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The Liquidity Rule Every Business Owner Should Know

Every business owner understands that cash/liquidity is critical to running our business. But, knowing how much cash is needed leaves many business owners confused, frustrated, and sometimes losing sleep. It takes a guide to help us know how much cash is needed. Often, we hire an accountant or controller to keep track of cash. Some may hire a part-time CFO or business coach to help them. Every business deserves a business with a strong financial future and healthy cash flow and cash balances. 

Growth in a business always requires cash. I have worked with several professional services firms, and one in particular was a practice with 3 locations. Their revenue came from professional services that were reimbursed by insurance. Insurance companies are notoriously slow and this practice found themselves with at least half of their receivables over 90 days. No one was accountable for collections and they were forced to borrow from very expensive lending sources to fund payroll. Very quickly, we put the internal accountant in charge of collections and she blocked time on her calendar daily to make collection calls. In the next 6 weeks, the amount of over 90-day receivables was reduced to about 10% ($100,000 cash impact) and the firm’s cash balance doubled. They no longer had to borrow and saved a significant amount of interest expense.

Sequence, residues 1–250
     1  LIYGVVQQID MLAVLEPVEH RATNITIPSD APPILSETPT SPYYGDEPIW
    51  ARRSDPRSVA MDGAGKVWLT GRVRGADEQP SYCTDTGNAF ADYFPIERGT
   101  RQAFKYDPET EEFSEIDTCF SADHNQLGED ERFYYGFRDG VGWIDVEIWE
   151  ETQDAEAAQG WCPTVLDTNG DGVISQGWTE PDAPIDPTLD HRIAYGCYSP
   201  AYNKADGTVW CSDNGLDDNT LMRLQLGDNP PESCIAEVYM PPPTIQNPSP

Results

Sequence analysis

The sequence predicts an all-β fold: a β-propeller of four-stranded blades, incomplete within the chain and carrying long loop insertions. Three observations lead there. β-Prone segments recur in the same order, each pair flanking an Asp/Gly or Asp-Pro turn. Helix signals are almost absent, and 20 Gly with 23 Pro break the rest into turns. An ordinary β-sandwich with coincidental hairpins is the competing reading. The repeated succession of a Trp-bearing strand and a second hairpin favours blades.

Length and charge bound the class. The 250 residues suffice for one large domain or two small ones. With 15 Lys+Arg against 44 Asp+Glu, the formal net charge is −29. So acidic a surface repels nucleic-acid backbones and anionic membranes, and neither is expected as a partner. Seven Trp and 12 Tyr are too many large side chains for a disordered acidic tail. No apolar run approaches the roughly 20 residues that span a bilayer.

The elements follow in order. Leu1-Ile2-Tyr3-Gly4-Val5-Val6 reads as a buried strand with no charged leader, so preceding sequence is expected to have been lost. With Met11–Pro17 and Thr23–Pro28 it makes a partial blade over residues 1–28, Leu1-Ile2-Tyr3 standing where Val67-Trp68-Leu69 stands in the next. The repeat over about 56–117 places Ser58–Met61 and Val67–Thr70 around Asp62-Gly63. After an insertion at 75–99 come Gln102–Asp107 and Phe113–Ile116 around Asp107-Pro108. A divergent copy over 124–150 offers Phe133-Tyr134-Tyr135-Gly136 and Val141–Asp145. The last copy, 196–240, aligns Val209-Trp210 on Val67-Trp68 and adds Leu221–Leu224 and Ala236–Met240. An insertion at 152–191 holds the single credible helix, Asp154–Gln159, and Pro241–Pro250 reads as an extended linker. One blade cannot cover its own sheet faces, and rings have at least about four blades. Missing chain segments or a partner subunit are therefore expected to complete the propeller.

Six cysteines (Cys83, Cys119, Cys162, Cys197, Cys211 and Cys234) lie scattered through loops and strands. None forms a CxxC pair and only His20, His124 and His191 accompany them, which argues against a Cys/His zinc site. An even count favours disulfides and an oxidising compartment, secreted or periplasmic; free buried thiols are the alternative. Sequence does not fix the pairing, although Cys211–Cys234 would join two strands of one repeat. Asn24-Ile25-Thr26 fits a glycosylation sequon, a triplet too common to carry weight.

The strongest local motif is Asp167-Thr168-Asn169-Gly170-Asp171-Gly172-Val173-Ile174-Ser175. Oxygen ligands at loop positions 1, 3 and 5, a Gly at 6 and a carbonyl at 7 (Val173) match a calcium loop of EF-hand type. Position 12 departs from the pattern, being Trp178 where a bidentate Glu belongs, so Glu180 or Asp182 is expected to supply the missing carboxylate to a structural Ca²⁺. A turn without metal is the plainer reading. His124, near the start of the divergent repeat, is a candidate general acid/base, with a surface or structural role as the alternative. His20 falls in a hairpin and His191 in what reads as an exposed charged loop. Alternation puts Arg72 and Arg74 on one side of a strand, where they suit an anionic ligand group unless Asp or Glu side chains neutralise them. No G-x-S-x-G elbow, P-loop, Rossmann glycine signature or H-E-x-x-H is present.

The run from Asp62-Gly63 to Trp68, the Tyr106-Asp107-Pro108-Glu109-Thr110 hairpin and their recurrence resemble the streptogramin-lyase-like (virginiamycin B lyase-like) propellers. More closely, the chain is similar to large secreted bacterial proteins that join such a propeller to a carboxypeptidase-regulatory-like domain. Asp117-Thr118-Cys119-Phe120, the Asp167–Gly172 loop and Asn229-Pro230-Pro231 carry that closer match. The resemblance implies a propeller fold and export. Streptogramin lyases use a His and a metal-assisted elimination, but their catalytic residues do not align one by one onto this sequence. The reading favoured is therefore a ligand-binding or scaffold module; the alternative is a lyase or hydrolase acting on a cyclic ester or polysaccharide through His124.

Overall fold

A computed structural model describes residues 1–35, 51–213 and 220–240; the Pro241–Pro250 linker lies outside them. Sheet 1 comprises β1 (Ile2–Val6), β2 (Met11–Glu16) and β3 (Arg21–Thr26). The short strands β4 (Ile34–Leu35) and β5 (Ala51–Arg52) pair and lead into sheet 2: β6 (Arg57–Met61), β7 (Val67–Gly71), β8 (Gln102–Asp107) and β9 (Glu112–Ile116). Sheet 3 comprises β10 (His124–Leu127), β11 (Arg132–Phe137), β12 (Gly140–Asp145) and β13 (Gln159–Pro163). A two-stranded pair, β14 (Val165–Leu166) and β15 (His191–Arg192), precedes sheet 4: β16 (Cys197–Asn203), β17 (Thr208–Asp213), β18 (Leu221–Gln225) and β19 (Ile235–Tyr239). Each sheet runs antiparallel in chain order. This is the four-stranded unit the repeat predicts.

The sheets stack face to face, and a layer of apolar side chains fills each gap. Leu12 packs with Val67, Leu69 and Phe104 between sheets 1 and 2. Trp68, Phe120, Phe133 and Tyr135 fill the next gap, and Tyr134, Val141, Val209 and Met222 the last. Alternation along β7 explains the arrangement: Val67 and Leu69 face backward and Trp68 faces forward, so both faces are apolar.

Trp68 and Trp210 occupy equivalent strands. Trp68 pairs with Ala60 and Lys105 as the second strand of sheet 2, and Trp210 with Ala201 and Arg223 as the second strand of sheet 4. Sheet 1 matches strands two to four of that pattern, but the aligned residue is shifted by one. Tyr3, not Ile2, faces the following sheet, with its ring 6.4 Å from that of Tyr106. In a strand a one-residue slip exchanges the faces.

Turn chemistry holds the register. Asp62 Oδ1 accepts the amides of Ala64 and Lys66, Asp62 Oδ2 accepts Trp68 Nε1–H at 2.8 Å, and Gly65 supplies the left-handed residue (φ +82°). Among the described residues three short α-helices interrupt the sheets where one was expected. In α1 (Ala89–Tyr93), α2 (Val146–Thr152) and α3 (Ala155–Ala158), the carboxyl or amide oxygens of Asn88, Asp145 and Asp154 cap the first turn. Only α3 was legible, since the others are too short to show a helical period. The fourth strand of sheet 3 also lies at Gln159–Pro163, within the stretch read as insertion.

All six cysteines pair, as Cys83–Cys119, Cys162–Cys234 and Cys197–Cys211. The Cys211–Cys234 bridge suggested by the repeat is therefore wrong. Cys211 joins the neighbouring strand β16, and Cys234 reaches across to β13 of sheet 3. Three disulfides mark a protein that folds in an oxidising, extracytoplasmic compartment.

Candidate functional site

I worked with another firm in the manufacturing space. Their typical terms were net 30 and incurred all the material and labor costs up front and got paid after the product was shipped. I recommended we consider asking for 50% deposit up front to cut the cash outflow in half and bill the remainder when the product was shipped. At the time, this firm was generating $10-12 million in revenue, so this step reduced their cash outflow by as much as $500,000 per month and increased their cash balance with those deposits and cut their receivables balance in half. 

So, how much cash is enough? Looking at thousands of businesses in banking and coaching careers combined, I’ve concluded that about 15-20 days sales is a good number. Take your annual sales and divide it by 360, then divide that number into your cash balance. If you have $5 million in annual revenue, that’s about $14,000/day. To have 15 days sales in cash, your cash balance would need to average $210,000. 

If you’re struggling with liquidity, work with your finance person to find out how to improve your cash balance and take action. 

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